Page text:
What Is Credit Insurance? And is it Worth It

In the simplest terms, credit insurance will cover the cost of your loan or credit card payments in the event that you are unable to pay the loan. It is insurance purchased by the borrower to cover their debts in case of any sudden eventualities such as death, or unemployment. 

In most cases, credit insurance will not be marketed as a stand-alone type of insurance, but as one of the features of a credit card and usually charge a low percentage on any unpaid credit card balance. 

How Credit Insurance Works

Unlike other types of insurance that we are familiar with, that is, life insurance, auto insurance, and such, this type of insurance comes as an extra service that is offered by the credit card issuer. It is offered to the credit card holder the moment you apply for new credit or later in the life of the loan

Depending on the company and the amount of credit you get, you will find that the insurance premiums will vary accordingly. But in general, the higher the amount of debt, the higher the insurance premiums. In most cases, you will pay the premiums as with other monthly bills until the moment you use it or even cancel the credit card. 

In some other cases, this credit will be charged to your account as a lump sum and will be included in the cost of the loan. When you make a claim, the insurance will be paid directly to the lender. 

Types of Credit Insurance

There are 5 types of credit insurance; 

  • Credit Life: which will pay off your credit card balance if you die. This will provide a cushion against your loved ones from the credit card companies. They won’t have to pay a dime out of their pockets to pay your debt. 
  • Credit disability: this type of credit insurance is also known as credit accident and health insurance and basically what it does is pays your minimum payment directly to the credit card issuer if by any chance you become disabled. 
  • Involuntary unemployment credit insurance: this is the insurance that will cover your minimum monthly payment when you lose your job or when you have been downsized. Any purchase that you make after an involuntary lay-off will not be covered by the card. 
  • Credit personal property: this is mostly offered by jewelry or furniture stores and it is a type of insurance that will pay the lender the amount lost if the item you bought is stolen or destroyed.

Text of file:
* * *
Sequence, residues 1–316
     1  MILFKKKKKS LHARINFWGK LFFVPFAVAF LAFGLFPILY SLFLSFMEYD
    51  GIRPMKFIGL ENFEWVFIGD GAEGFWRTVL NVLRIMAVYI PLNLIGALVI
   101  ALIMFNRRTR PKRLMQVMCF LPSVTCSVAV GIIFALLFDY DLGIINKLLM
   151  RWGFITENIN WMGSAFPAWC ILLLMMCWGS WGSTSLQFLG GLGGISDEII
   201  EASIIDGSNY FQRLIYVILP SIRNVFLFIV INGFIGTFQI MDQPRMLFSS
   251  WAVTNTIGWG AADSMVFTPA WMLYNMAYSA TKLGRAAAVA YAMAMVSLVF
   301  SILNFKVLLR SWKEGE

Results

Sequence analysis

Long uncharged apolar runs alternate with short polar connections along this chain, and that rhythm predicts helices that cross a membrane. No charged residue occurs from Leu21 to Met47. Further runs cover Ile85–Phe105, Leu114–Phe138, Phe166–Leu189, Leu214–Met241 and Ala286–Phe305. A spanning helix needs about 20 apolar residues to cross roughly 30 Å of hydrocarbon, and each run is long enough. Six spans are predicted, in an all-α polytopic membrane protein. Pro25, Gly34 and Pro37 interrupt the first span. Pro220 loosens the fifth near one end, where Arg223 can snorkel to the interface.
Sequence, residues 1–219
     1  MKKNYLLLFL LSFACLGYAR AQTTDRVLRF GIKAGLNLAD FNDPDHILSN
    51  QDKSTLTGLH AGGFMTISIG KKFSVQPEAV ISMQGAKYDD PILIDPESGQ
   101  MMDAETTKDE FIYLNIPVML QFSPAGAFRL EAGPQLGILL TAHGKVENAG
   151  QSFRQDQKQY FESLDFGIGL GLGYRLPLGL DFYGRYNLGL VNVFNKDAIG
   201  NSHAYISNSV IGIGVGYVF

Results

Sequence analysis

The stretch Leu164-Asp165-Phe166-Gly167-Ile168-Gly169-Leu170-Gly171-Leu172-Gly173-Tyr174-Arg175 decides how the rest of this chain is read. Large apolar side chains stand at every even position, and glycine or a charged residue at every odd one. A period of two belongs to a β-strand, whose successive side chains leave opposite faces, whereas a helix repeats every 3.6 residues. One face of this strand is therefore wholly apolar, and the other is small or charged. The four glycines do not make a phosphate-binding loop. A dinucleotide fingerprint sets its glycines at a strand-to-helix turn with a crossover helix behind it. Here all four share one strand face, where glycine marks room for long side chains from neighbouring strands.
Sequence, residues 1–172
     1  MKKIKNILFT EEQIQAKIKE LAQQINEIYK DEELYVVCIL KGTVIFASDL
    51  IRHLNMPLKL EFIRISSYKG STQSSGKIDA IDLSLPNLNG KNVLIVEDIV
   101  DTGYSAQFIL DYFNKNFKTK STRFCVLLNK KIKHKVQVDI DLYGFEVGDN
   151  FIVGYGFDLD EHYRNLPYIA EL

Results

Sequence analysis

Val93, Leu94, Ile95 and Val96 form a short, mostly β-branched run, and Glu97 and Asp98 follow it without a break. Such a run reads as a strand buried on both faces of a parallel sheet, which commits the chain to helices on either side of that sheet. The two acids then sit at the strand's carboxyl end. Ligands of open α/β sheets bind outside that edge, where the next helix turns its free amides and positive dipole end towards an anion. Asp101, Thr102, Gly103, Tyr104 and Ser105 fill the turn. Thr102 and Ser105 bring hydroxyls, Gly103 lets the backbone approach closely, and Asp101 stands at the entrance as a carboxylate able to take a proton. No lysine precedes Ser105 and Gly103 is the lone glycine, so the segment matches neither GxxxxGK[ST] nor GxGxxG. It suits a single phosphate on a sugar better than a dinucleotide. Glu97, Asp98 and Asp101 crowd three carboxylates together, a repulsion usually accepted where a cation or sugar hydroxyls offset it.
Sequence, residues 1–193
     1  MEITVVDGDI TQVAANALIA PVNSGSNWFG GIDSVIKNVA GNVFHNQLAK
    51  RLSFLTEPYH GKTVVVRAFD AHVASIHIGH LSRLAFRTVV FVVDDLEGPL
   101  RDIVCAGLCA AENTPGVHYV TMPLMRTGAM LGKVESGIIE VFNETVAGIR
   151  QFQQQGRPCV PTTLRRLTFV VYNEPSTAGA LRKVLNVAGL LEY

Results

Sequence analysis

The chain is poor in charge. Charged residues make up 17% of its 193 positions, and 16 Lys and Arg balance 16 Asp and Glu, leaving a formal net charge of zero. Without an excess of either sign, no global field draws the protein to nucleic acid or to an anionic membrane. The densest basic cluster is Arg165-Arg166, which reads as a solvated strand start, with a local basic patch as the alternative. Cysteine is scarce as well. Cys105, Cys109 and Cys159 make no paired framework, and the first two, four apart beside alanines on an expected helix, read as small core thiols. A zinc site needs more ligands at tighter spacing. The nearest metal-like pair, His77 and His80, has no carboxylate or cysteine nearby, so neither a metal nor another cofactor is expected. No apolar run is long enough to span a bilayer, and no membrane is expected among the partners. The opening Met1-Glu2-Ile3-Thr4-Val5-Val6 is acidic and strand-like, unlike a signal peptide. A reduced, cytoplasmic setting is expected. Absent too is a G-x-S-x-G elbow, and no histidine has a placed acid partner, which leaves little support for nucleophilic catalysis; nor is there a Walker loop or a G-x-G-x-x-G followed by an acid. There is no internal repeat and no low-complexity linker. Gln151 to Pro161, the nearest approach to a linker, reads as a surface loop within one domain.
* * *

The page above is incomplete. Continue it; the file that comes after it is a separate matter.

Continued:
• Leave of absence: this is another type of insurance that makes a limited number of monthly payments to the lender if you have to take a leave from work in order to care for a family member. 

In some cases, a lender may bundle up several credit insurances into a single offering. 

How Much Will Credit Insurance Cost You? 

This will be largely dictated by the type of loan that you take, the amount, the terms of the loan, the type of insurance you want, and your location. As previously stated, when you get approved for a loan, you automatically qualify for the insurance. In most cases, the commissions influence the price of the premiums you will pay on a monthly basis and this makes credit insurance more expensive than regular insurance. 

People who pay credit insurance usually pay a large loan amount each month, because of the interest on both the loan and the added insurance premium. For revolving loans like credit cards, the premium will be added to the monthly statement and will vary accordingly depending on your card’s balance. 

Is Credit Insurance Right For You? 

Do not just take credit insurance! Consider where you are financially and your future financial needs. If you already have other insurance covers such as life insurance, that may be all that you need. In as far as finances are concerned, credit insurance may not be the ideal and cost-effective route to take. They are not very flexible as compared to the traditional life and disability policies. 

If you are not sure whether you will be able to pay the loan, it is advisable that you use the money that would have been channeled to the credit insurance premiums to build an emergency fund. Every money that you save in your emergency fund will be channeled to cover your upkeep and pay your loans during the periods you are down financially. 

Bottom Line

Credit insurance is not the most ideal and there are other options that offer better terms. If you have any reservations, consider using an emergency fund whose money will be used to cover emergencies